A tapestry of grapes

The empty drying racks.

About four months ago, a couple of friends and I had a wine tasting at the Frescobaldi vineyard at Castello Pomino. During the tour that preceded it, we saw the racks on which grapes would be hung to dry for Vin Santo. We asked if we could come back to see that, which we did the other day.

What a treat! I don’t know what I was expecting, but it wasn’t the tapestry of grapes that met our eyes as we entered the loft. Three kinds of grapes—Trebbiano, Malvasia Toscana, and San Colombano—hung in rows. Our hostess explained that one of the advantages to hanging the grapes, as opposed to laying them horizontally to dry, is that the rotten grapes fall to the ground. The grapes will dry (which concentrates the sugar) until March when they will be made into Vin Santo and age in the barrel for seven years.

Naturally, we had to buy a bottle of Vin Santo before we left!

Images © Melissa Corcoran.

Certosa del Galluzzo

Problem: high heat, blazing sun, hibernating, now stir crazy.

Solution: morning trip to a monastery in the hopes the hilltop situation and the stone buildings will make it cooler.

Visiting Certosa del Galluzzo wasn’t quite as cool as I had hoped, but being on a hilltop let us feel a breeze and the tour was interesting.

On arriving, I learned that the position on top of a hill and between the Greve and Ema rivers helped give the monastery the isolation necessary for the lifestyle of the Carthusian Order: “achieving a knowledge of God in the wilderness.” The monastery was built in the fourteenth century at the request of Niccolò Acciaioli, who belonged to a wealthy family of bankers in Florence and who wanted to found a monastery dedicated to St. Lawrence the Martyr. 

The first building we entered was the art gallery of the Acciaioli Palace, to which Niccolò Acciaioli intended to retire. Here I learned of a painter new to me, Pontormo, who fled to the monastery in 1523 to escape the plague. Sadly, the paintings he made for Certosa are badly damaged, but in the gallery along with the originals are copies made by other painters, which give a clearer idea of what his paintings might have looked like originally.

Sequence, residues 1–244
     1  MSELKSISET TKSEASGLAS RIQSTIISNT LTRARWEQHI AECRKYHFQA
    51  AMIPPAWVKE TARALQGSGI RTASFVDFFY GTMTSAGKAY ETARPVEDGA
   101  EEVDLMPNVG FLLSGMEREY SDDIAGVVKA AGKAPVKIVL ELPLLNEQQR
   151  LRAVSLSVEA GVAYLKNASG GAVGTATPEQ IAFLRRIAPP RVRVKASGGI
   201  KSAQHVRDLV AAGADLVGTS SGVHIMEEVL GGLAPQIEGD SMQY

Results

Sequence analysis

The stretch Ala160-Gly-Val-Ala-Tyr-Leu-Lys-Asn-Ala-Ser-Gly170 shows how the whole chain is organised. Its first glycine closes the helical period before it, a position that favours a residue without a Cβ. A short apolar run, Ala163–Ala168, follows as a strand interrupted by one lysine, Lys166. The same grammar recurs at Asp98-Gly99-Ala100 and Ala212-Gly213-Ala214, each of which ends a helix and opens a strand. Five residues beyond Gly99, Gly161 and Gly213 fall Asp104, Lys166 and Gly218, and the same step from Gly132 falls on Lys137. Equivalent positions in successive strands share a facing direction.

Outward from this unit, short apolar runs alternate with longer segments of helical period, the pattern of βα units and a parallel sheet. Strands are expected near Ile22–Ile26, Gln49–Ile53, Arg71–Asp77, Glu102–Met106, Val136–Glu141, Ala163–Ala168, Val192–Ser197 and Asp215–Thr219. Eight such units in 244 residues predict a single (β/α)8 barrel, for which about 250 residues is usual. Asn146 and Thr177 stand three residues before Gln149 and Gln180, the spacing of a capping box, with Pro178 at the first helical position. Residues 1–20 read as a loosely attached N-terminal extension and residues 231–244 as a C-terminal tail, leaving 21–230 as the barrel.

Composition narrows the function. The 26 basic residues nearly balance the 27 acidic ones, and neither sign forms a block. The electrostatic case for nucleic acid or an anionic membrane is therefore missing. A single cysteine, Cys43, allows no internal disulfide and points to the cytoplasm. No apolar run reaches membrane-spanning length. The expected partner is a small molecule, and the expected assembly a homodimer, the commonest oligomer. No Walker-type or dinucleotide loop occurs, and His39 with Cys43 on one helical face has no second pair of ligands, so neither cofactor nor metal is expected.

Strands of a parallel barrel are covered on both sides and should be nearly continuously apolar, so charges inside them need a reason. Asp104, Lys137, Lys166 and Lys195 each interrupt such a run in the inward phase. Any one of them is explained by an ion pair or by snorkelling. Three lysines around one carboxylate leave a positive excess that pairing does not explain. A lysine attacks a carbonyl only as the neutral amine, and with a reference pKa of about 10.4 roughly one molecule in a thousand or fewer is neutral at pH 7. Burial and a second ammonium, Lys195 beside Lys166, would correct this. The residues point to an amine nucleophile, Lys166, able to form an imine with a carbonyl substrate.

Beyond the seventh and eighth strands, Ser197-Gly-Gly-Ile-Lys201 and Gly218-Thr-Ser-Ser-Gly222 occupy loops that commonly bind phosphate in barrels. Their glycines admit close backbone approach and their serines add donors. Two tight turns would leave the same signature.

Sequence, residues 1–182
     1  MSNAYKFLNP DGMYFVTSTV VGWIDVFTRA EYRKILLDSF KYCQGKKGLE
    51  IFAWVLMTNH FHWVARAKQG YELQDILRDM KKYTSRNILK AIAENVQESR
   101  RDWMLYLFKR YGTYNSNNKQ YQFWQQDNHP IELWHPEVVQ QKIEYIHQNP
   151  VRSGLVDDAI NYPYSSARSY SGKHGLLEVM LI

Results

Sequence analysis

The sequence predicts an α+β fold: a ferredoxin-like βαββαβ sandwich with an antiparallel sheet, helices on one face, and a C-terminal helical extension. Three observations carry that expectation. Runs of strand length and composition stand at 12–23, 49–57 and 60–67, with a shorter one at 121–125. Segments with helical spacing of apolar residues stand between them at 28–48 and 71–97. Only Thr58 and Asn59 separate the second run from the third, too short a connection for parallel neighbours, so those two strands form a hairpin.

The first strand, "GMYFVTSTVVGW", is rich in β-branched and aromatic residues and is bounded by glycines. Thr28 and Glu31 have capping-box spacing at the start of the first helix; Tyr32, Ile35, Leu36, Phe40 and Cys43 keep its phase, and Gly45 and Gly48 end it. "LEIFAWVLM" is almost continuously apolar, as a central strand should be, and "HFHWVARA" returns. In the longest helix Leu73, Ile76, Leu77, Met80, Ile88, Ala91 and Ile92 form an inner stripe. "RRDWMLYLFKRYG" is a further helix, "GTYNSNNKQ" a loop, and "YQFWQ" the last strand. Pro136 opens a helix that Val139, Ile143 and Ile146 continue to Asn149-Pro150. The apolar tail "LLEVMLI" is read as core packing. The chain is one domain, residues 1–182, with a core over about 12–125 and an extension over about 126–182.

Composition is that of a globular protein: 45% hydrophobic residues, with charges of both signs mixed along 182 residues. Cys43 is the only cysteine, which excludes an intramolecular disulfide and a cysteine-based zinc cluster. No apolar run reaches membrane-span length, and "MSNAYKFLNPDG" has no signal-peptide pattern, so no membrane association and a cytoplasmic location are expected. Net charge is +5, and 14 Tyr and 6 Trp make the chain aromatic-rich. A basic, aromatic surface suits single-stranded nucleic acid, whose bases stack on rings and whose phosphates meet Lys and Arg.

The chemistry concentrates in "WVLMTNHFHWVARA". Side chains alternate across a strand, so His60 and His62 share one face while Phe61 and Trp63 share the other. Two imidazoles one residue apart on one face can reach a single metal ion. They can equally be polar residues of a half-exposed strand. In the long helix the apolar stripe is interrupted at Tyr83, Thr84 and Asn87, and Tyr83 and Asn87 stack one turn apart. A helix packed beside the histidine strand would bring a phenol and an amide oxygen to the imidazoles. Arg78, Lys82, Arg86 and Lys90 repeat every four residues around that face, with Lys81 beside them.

After visiting the church, chapter house, and cloister, we were led to one of the monks’ cells, which was fascinating because the pattern of monasticism was different from what I’ve read about in books. The monks spent most of their time in their cells, leaving only to attend the liturgical celebrations of the day and to eat with the other monks on feast days. Their cells were, therefore, small apartments, rather than just a room for sleeping and praying. Each had a garden and rooms for eating, studying, and resting. Meals were brought to the cell by lay brothers and passed through a ‘turn.’ The guide told us that if the meals remained uneaten for a couple of days, only then would someone enter the cell to check on the monk.

Even the title of the guidebook I purchased was a learning experience! It’s titled The Chartreuse of Florence and I wondered if this was a translation gone awry. Researching online later, I read that the name Carthusian is derived from the Chartreuse Mountains, where the founder of the order, Saint Bruno, built his first hermitage. The word charterhouse, which is the English name for a Carthusian monastery, is derived from the same source. Who knew?!

Stir craziness alleviated, at least temporarily!

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Images © Melissa Corcoran.

Different eyes

Looking through photos I took during the visit of family members earlier this year, I noticed that for the first few days, I didn’t have many. It’s not because I’m blasé about the beauty with which I’m surrounded, and dismiss various sights as ‘seen it, don’t need photo of it.’ I have hundreds of photos of the Duomo, for example, and a view of the city from my apartment that I take a moment to appreciate every day.